Join UERA on Friday, April 13 and enjoy all that Amicalola Falls State Park has to offer: hiking, nature watching, fishing and more. That evening, join them on the veranda for wine and cheese and time to enjoy the spring evening together. Saturday, April 14th will be their Annual Meeting from 10 am to 3pm with a gourmet buffet, silent auction, awards and a special presentation from Keynote Speaker, local author and wildlife photographer Margie Carroll. For more information, call Diane Minick at 770-704-5479 or email her at

11.    Taste the Flint River Trip Series
When: Saturday 24 March 2012, 08:30am - 03:30pm
Where: near Thomaston, Georgia
Description:  This 6 hour paddle trip will end at the Sprewell Bluff Recreation Area. Moderate to Experienced paddling skills required.  Registrants will be sent additional details and directions -space is limited.
To register: Email Jayme at OR call 229.435.2241, 229.220.9796
Click HERE for more information. 

12.    2012 SE NALMS Lake & Watershed Conference
The 21st Annual Southeastern Lake and Watershed Management Conference will be held May 13-15, 2012 in Columbus GA at the Ironworks Trade Center.
Click HERE for more information: 2012/Conference.html

13.    Freshwater Mollusk Conservation Society (FMCS) Meeting
When: April 19-20, 2012
Where: The Holiday Inn, Athens, GA
Description: The Freshwater Mollusk Conservation Society (FMCS) is will hold their biennial workshop entitled "Incorporating Environmental Flows, Climate Change and Ecosystem Services into Freshwater Mussel Conservation and Management.”  The workshop consists of a number of invited lectures from around the country including research, legal aspects/policy, and considerations for aquatic conservation.   Details regarding the workshop can be found HERE.

14.    FAQ: The Riverkeeper Model
Each month, Jesslyn Shields, Georgia River Network’s Watershed Support Coordinator, answers a question she gets asked a lot by river group staff and boards. Here’s this month’s question:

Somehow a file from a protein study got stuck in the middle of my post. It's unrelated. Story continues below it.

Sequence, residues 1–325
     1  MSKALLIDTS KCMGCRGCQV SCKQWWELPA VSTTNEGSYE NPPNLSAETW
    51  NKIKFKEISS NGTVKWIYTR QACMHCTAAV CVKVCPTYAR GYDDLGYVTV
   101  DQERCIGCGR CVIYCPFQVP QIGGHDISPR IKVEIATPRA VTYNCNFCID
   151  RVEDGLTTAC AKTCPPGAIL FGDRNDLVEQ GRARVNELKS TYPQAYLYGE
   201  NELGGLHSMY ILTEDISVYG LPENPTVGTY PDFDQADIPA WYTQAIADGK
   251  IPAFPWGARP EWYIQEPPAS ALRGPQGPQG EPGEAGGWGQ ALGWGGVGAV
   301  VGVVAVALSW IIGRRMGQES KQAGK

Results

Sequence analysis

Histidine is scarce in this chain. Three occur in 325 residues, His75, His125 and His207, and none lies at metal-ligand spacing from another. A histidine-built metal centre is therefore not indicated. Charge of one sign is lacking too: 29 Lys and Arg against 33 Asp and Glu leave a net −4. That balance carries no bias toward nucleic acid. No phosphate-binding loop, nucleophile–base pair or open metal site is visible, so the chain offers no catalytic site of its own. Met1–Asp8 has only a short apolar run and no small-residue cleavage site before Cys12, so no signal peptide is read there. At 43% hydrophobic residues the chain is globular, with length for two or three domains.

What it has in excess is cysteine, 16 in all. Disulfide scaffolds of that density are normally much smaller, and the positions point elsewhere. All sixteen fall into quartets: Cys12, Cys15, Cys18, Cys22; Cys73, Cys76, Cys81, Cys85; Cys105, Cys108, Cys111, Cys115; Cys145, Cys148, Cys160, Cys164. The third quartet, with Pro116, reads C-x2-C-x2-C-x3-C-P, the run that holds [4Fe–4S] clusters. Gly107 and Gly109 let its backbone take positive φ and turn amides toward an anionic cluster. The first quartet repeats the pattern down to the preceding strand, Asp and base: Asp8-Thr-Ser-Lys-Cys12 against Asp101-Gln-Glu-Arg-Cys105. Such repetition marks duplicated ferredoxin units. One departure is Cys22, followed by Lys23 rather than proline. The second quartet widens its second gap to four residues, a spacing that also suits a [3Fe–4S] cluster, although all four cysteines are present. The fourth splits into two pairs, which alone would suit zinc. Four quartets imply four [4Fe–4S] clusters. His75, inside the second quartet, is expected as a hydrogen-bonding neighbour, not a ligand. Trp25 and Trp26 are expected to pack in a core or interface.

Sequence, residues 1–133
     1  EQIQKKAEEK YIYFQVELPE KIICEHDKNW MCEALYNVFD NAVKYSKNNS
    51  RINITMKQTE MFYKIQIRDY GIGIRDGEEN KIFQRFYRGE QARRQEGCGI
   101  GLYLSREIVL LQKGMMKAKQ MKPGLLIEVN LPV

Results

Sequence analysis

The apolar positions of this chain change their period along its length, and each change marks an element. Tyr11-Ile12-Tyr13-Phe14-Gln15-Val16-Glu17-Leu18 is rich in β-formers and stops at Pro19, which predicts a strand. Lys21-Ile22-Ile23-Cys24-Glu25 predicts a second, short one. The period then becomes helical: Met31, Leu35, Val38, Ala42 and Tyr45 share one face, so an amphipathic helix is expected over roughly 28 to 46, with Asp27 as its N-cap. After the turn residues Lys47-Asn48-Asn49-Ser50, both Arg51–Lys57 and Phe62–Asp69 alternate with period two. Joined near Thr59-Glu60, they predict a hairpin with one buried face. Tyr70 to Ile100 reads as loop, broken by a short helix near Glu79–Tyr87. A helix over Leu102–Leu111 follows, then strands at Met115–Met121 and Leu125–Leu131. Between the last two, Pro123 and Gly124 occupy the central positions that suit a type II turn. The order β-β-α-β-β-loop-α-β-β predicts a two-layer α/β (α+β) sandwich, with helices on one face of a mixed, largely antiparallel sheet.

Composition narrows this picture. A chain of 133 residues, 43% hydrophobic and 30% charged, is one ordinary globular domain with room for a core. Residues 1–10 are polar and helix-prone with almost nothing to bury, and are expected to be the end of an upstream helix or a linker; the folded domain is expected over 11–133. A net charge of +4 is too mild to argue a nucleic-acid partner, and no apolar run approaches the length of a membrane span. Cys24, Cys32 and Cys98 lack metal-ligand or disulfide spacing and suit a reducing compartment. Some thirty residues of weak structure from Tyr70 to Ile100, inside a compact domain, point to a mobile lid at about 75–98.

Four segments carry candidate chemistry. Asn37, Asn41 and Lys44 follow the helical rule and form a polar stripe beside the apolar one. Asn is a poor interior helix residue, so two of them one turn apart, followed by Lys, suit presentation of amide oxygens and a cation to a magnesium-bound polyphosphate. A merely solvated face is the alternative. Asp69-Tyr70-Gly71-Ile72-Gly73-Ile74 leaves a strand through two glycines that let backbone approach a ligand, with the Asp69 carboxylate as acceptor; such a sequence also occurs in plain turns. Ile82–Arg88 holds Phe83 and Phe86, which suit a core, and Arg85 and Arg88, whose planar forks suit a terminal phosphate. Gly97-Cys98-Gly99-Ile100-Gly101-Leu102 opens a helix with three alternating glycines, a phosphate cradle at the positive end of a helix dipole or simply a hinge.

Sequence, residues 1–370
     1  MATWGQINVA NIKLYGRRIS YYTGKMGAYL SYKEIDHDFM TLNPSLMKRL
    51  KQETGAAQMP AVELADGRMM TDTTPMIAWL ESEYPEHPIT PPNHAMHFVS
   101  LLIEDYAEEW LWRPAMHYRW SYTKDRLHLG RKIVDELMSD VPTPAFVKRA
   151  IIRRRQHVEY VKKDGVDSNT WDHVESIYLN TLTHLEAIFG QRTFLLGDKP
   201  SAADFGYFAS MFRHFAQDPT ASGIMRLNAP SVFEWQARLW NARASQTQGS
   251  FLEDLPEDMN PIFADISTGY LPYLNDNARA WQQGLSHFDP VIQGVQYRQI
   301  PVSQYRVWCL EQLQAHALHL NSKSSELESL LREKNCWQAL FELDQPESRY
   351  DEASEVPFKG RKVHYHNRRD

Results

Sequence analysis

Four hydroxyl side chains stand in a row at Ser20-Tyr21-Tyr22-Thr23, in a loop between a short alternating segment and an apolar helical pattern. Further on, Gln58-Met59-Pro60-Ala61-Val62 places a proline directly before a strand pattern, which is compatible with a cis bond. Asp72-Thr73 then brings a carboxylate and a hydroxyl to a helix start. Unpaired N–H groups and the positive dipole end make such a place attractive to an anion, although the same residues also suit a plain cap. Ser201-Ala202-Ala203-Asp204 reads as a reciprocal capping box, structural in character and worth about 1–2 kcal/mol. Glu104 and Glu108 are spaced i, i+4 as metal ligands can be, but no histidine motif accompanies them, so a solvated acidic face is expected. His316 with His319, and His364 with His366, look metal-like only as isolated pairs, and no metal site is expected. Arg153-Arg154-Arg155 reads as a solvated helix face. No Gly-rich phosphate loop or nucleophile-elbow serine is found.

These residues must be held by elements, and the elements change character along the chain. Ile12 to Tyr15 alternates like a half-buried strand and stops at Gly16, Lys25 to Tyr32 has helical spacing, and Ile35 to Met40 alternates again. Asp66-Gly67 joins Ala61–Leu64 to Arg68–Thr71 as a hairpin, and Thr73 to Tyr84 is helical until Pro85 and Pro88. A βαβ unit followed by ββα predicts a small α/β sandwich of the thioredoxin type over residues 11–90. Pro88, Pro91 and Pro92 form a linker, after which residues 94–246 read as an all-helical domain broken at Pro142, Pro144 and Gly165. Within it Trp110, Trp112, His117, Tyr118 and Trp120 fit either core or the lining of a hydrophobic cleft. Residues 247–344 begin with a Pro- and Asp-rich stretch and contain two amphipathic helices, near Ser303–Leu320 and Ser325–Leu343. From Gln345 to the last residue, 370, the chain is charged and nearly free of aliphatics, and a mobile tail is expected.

Q: A group of people in my community want to start a river protection group to protect our local river.  We’ve asked around, and it seems like becoming a Riverkeeper is a good idea. Any advice you can give on the ins and outs on adopting the Riverkeeper model?

Read Jesslyn's response HERE.

15.    Stories: Clinically Proven to Work!
Click HERE to read the article.

16.    Free Online Diagnostic Tool for Your Group
Working hard to protect rivers, but are the gears not quite meshing? Lacking talent, resources or financial stability? You can now engage your staff and board in a free organizational self-assessment, courtesy of a new tool developed by River Network with support from the Chesapeake Bay Trust.

The two-part process includes an initial survey of key metrics of your organization’s health, followed by an opportunity for your board and staff to weigh in with more qualitative (and anonymous and confidential) feedback. Once everyone from the organization has responded, you receive a composite report that can help you and River Network’s capacity building staff determine your organization’s greatest needs and its future priorities.

Click HERE for more information.

17.    Getting Started with Pinterest
You’ve probably heard of it, but how can your organization USE it? Click HERE to  read the article.

18.    Grant Opportunities
We haven’t found any new grant opportunities this month! But to view grant makers that give throughout the year, visit the grants page of our website HERE.